While the department has access to a BearCat stored in Grayling – with Sheriff’s Office representatives previously noting that the vehicle has already been used on multiple occasions in Grand Traverse County and thus wouldn’t represent an escalation in equipment – that vehicle is an hour away and not immediately available for emergencies. A BearCat purchased by Grand Traverse County would have offroad capabilities to navigate areas impacted by flash floods and storm debris, two remote control spotlights for search-and-rescue operations, and a 14-foot hydraulic ram that can breach barricaded structures without exposing officers to gunfire. Its chemical-resistant coating would allow it to be used in Hazmat emergency responses, and an internal/external intercom system would allow negotiators to communicate safely with armed suspects outside the vehicle, according to Clark.
Clark noted that the Sheriff’s Office experienced a 30 percent increase in felonious assaults (those involving weapons) in Grand Traverse County in 2020. He said the increase in those incidents and in mass shootings nationwide, requests to provide VIP security for celebrities and politicians visiting the region, and the need to protect local infrastructure and events that could be vulnerable to attacks – ranging from area schools and colleges to Cherry Capital Airport to Munson Medical Center to high-attendance events like the National Cherry Festival – demonstrated the need to have proper equipment “to protect our operators and civilians during all incidents.” The county’s BearCat would be capable of carrying up to 12 operators in full tactical gear and up to 20 civilians in need of rescue or evacuation, according to Clark.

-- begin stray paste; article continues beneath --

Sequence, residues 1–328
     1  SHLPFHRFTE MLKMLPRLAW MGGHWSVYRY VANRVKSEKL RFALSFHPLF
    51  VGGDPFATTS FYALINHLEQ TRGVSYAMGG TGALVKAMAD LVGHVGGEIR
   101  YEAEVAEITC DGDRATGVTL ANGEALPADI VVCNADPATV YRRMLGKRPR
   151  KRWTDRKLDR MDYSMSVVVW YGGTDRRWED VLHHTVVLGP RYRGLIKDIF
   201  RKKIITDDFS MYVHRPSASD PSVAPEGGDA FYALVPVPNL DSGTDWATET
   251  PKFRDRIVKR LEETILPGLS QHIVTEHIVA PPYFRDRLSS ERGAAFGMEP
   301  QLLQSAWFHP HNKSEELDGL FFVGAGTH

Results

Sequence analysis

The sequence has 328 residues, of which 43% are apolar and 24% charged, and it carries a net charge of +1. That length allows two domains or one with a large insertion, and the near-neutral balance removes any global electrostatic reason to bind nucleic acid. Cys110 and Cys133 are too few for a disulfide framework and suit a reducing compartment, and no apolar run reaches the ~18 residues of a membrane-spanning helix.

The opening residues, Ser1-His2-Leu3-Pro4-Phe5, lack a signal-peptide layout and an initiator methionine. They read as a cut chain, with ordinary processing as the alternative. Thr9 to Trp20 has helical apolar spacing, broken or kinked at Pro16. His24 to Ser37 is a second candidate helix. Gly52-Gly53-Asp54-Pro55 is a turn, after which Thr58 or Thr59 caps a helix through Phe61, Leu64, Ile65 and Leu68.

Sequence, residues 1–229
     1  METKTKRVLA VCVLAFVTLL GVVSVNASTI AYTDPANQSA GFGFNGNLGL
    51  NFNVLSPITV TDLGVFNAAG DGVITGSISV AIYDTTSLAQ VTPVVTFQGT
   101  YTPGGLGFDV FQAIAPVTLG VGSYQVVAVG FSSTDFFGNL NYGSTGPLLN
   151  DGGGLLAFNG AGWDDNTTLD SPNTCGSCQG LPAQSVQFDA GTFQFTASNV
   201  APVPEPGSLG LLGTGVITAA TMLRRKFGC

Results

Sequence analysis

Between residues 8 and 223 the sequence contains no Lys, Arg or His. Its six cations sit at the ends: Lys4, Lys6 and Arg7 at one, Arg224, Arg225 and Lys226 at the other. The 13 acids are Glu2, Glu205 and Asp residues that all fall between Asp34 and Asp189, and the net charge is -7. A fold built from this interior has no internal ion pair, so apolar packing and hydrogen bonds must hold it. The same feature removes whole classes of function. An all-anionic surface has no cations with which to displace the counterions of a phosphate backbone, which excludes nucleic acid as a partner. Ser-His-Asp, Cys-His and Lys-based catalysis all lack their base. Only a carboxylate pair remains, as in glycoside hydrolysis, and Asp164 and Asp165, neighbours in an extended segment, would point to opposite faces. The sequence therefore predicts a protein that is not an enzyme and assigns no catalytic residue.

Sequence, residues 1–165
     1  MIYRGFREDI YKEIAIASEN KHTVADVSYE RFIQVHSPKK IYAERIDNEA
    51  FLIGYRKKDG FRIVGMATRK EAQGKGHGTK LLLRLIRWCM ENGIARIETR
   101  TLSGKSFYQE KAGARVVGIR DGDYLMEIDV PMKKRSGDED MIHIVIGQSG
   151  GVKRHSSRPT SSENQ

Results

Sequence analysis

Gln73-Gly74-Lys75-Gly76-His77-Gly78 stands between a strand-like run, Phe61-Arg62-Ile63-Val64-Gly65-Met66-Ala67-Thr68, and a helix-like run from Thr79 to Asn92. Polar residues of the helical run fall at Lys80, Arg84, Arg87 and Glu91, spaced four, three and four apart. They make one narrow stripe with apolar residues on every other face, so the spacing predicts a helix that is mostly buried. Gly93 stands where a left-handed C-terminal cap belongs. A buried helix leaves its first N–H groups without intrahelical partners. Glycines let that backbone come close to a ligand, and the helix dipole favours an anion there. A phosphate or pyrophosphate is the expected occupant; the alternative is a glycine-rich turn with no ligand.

Should county commissioners approve the purchase Wednesday, Clark wrote that the Sheriff’s Office “will provide our team with regular training on this vehicle so that we can build and maintain a high level of proficiency” with the BearCat, ensuring that the vehicle “remains in a constant state of operational readiness.” In response to previous commission concerns about whether the purchase would lead to additional funding and equipment requests, Clark noted in the closing of his memo that the Sheriff’s Office would “use our own resources to provide regular upkeep, so that the vehicle lasts its expected 10-15 years.” He added the investment would “increase integration among first responders allowing us to protect against the widest variety of hazards so that we can fulfill our duty to safeguard our immediate and surrounding communities.”
Pictured: Example of a BearCat used by the Metropolitan Nashville Police DepartmentComment